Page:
So, the question now becomes: how and where to begin? This then begs further questions:

  • How do I scaffold and layer their experiences with social media over the course of the semester?
  • What authentic and useful tasks can I ask of them as a part of normal course work (for instance, to discuss readings or find relevant new articles)?
  • How can I encourage more authentic participation in edchat communities that moves beyond what the are “supposed” to do for class?

I know that I can take some of my own social media advice in terms of what I have previously suggested to other teachers, but I think that pre-service teachers are a slightly different audience.

As I mull this over in the next few hours — I teach tomorrow afternoon and I am wondering where to begin — I would be curious to know what my colleagues, especially teachers of high school students and undergrads, have done to thoughtfully, critically, and creatively introduced social media into your classrooms?

Any advice before I stand up to start teaching tomorrow?


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Managing Learning and Assessment in a Connected Learning Environment

Earlier this evening, I participated in a wonderful closing discussion as part of the sixth and final webinar in KQED’s TeachDoNow series. The archived video as well as a summary of my tweets with links from the conversation are below. Broadly, our conversation centered on this big question: How do you manage learners, tasks, resources, and assessment in a connected learning environment?


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Digital Literacy Leadership Dare

Looking to the future of digital literacy (Flickr image from by Schlüsselbein2007)

This morning, on the final day of our digital literacy leadership workshop, we watched Chris Lehmann’s Ignite talk about “School 2.0,” and I borrowed some of his ideas to create our writing prompt: What do you dare to do as a digital literacy leader?

One of the themes that has emerged for me over the week, and especially at our dinner conversation last night, is that I have been doing lots with digital literacy just about everywhere in the education world — through the National Writing Project, in K-12 schools, in partnership with colleagues at other universities — but not much right here, on the campus of CMU. Perhaps a bit too aloof, I have often pushed off my lack of involvement here by saying that “I can’t be a prophet in my own land” or that the bureaucracy of the institution is too much.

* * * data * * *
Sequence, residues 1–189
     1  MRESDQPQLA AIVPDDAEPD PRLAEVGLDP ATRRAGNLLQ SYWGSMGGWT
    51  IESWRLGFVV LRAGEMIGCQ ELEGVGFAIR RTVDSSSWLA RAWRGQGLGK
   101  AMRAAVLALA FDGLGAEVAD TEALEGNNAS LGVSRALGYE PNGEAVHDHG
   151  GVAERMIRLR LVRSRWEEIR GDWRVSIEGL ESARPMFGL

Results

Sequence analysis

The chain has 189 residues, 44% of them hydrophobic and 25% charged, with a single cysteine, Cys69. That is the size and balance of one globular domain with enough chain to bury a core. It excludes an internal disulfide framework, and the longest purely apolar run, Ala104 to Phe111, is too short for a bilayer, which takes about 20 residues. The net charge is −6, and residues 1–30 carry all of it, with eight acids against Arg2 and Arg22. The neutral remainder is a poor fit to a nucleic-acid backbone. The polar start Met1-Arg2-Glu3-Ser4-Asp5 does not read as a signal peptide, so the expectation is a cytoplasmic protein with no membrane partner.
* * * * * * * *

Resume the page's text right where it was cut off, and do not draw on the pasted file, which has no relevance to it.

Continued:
Today, I am daring myself to do better, to be better. I am daring myself to be a digital literacy leader here, in my own backyard, on our campus. What might this look like.

  • Well, to begin, I will schedule time to talk with our director of composition and the director of the writing center, perhaps both together, to talk about digital literacy and multimodal composing.
  • Second, as we revise the English education curriculum, I will be more of an advocate for digital literacy in our courses and program as a whole.
  • Third, as I get involved with our department curriculum committee, I will also be thinking about possibilities for professional development as it relates to instruction and integration of technology.

I’m using Letter Me Later to send myself a note for later in the year, asking whether or not I have been proactive on these goals.

I hope you, too, digital literacy leadership dare!


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Response to 2016 MDE Assessment Survey

The Michigan Department of Education has issued a “2016 Assessment Survey” that I encourage every teacher and parent in our state to reply to ASAP.

There is a public hearing on the future of assessment in Michigan that will be held in Lansing on July 30th, but I can’t attend in person… so, I am sharing my thoughts here: Response to MDE 2016 Assessment Survey (PDF).